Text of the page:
json

Ext JS 4: Adding ComboBoxes via Remote Configuration in MVC

In an Ext JS 4 MVC application I am currently working on, I need to programatically add comboboxes to a form.  The list of comboboxes varies depending on the selected user.  In addition, the store backing each of the comboboxes is different.  Here is my approach.

The Model
In my case, although the stores might have different data, they have the same fields.  It is a generic label/value set up.

Ext.define('MyApp.model.LabelValue', {
	extend: 'Ext.data.Model',
	fields: [
		'label',
		'value'
	]
});

The Store
Because the stores are so similar for each combo, I created a store that was specific to my case, but generic enough to be used for all the combo boxes. The important part is the alias that is part of the store definition ‘store.mycombostore’. This will allow me to reference the store type, but ensure a new store is created for each combobox. This helpful piece of information is from the comments on the store config for ComboBox, found at Ext.form.field.ComboBox.

Ext.define('MyApp.store.MyComboStore', {
	extend: 'Ext.data.Store',
	alias: 'store.mycombostore',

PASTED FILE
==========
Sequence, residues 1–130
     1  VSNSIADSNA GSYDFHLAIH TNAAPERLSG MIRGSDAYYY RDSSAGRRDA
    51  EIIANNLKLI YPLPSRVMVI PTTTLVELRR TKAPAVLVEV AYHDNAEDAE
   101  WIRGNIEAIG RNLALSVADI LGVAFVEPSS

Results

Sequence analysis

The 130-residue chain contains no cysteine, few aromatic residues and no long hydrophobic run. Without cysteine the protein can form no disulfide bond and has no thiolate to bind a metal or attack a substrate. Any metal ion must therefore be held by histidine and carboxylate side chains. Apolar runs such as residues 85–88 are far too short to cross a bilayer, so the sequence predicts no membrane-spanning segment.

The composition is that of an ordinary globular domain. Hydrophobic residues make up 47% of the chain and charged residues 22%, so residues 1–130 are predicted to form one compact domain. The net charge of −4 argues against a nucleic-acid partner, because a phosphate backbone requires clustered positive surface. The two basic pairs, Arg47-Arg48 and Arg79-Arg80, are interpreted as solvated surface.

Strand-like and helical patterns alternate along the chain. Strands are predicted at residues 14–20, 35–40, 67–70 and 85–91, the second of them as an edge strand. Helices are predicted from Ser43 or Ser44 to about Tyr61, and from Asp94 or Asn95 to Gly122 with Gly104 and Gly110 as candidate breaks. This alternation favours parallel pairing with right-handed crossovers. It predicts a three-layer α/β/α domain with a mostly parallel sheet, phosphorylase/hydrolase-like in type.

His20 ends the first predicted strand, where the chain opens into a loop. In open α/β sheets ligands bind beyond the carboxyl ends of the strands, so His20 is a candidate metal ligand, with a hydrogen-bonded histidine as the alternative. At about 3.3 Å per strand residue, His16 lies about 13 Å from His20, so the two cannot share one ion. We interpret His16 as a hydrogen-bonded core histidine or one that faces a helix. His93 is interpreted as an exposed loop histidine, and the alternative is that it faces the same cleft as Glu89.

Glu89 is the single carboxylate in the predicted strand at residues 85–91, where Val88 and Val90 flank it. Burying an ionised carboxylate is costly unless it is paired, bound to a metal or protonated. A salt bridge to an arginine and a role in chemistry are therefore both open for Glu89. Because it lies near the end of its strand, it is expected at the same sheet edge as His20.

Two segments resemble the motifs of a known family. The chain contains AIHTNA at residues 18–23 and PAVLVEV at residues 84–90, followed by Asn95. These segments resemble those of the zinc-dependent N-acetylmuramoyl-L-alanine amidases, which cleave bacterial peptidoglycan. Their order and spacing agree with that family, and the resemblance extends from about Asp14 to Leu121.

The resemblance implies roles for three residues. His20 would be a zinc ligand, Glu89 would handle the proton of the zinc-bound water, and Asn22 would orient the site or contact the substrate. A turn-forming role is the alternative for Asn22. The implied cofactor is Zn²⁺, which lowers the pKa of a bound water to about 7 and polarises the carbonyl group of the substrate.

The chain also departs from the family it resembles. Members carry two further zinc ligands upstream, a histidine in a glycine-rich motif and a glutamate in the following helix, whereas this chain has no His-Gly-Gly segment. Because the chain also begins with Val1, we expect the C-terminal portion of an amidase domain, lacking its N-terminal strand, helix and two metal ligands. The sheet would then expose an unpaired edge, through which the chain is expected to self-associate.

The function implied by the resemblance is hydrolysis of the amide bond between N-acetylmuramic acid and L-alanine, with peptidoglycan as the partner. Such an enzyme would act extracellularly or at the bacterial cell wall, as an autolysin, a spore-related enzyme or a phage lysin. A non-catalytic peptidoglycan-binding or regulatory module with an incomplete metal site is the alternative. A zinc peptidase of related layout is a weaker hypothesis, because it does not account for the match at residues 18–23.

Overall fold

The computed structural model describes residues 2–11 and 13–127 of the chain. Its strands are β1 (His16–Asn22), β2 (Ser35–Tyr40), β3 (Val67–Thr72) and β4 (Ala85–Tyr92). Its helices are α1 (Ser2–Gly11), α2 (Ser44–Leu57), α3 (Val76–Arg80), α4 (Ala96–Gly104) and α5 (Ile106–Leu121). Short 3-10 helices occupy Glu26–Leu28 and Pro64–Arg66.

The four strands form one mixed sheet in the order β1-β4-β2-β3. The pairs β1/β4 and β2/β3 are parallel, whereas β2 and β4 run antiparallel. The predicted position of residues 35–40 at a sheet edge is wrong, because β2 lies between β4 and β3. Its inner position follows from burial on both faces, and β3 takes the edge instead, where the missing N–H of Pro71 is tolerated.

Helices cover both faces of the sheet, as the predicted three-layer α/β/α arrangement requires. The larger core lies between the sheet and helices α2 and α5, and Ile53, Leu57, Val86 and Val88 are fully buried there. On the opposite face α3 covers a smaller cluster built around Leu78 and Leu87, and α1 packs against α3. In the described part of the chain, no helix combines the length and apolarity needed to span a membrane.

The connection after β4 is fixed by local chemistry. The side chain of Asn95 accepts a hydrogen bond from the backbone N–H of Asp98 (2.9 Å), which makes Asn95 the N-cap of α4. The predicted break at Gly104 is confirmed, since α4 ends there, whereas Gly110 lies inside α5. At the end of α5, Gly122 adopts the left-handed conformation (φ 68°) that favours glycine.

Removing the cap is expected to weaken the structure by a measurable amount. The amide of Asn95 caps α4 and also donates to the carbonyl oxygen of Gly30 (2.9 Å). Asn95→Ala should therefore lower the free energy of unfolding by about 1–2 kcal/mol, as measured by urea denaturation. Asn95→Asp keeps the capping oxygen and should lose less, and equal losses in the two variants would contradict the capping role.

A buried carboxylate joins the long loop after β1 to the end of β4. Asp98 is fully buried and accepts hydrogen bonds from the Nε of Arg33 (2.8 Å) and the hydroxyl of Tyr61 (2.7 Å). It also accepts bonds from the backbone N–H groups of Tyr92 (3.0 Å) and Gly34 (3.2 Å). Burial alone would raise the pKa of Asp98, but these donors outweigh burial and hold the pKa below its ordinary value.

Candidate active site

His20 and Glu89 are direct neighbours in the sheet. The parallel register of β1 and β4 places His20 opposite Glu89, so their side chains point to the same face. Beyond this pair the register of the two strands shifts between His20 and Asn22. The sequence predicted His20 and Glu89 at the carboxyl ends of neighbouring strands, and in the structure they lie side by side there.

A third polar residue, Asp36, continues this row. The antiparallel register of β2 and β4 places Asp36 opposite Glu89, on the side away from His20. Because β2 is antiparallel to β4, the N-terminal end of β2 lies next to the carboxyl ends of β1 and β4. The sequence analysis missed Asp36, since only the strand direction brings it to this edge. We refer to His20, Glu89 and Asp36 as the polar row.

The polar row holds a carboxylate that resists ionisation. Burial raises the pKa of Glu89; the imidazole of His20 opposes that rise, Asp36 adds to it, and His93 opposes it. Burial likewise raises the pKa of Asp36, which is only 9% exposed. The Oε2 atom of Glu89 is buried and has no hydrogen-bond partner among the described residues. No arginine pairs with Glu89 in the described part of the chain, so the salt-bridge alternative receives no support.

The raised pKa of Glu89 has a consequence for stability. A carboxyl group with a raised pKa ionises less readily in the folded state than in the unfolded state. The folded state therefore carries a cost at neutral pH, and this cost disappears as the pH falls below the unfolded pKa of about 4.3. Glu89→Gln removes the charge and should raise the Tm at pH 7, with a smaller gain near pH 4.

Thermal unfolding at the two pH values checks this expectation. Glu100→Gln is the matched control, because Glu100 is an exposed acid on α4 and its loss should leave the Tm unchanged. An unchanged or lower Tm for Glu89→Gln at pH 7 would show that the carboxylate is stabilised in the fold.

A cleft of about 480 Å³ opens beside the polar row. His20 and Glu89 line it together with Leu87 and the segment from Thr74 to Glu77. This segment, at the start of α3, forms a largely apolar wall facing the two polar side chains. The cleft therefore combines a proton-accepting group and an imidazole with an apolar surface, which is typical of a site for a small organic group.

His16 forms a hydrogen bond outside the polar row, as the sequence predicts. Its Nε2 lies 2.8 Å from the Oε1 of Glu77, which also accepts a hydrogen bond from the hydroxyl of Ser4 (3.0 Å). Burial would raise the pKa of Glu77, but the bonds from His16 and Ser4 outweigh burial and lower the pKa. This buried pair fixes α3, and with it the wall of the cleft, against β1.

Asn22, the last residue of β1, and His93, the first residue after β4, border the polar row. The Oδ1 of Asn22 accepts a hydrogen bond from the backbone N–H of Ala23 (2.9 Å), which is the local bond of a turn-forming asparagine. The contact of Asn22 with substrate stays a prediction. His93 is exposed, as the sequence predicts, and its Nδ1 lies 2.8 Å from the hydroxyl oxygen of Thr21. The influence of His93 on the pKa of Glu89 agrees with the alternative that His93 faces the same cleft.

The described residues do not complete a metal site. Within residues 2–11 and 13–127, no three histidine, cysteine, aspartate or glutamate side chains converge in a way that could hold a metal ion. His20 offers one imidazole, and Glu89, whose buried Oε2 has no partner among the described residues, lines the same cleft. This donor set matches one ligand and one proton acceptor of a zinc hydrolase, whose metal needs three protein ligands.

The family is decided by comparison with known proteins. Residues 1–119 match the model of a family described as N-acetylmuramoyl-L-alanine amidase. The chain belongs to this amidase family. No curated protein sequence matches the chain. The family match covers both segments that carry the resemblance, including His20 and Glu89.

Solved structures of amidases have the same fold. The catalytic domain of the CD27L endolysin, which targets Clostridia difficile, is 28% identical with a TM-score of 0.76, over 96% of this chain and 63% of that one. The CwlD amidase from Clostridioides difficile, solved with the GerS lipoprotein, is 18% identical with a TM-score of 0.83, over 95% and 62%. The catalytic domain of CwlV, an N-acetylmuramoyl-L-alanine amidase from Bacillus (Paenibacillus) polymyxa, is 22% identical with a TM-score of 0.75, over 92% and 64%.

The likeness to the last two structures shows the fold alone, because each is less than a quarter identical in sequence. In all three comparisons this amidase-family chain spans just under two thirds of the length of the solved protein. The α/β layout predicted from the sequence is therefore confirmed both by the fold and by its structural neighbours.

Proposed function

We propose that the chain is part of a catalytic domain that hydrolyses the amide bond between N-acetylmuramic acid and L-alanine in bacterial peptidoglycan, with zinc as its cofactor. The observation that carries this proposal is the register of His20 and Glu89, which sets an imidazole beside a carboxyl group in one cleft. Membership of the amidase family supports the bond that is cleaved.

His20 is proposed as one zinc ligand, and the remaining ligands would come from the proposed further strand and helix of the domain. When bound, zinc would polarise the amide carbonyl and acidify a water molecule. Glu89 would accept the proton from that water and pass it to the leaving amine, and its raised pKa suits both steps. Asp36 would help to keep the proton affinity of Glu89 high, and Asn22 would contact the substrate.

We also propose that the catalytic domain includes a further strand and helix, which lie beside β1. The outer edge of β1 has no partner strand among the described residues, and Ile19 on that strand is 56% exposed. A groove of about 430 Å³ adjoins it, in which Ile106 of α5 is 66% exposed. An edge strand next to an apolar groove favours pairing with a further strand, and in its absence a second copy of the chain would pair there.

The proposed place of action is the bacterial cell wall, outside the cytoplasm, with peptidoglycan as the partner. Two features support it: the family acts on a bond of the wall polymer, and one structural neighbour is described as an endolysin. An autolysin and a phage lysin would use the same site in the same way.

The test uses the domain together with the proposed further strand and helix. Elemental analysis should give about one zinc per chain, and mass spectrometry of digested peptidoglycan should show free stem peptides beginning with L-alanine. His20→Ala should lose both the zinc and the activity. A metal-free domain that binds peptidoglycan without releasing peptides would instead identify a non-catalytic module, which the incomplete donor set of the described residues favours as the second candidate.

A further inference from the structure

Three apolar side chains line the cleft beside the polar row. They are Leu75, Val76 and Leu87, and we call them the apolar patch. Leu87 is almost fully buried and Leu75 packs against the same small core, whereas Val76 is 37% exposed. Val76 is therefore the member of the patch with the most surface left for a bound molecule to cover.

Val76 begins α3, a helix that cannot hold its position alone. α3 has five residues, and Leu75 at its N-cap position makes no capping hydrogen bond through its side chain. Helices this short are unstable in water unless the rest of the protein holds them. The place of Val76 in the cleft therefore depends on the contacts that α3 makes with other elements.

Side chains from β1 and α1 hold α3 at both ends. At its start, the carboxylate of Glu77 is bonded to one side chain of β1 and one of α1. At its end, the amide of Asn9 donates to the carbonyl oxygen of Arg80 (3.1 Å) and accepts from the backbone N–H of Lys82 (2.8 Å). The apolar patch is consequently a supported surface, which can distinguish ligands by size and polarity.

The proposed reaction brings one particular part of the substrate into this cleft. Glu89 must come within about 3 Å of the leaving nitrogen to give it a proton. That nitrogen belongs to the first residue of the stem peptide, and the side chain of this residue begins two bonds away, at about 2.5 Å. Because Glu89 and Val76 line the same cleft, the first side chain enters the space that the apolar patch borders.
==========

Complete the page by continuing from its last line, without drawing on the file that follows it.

model: 'MyApp.model.LabelValue',
	autoLoad: false,

	proxy: {
		type: 'ajax',
		url : 'put/your/url/here',
		reader: {
			type: 'json',
			root: 'data'
		}
	}
});

The View
To reduce the amount of remote configuration that I need to generate I defined a custom combobox with all the static configurations that I wanted. I have a few other things going on in my combobox, like using my Remote To Local plugin. I also overrode beforeBlur to allow the user to delete and basically re-empty the combobox, and I’m setting some params before the store loads. I initially listened for the before store load event in the controller after adding the combobox configs to my form, but putting it right in the custom combobox was cleaner. Not sure if it violates MVC or not…

Ext.define('MyApp.view.MyCombo', {
	extend: 'Ext.form.field.ComboBox',
	alias: 'widget.mycombo',

	requires: [
		'MyApp.store.MyComboStore',
		'Ext.ux.form.field.RemoteToLocalComboBox'
	],

	allowBlank: true,
	forceSelection: true,
	queryMode: 'remote',
	minChars : 1, //begin query after user types 1 char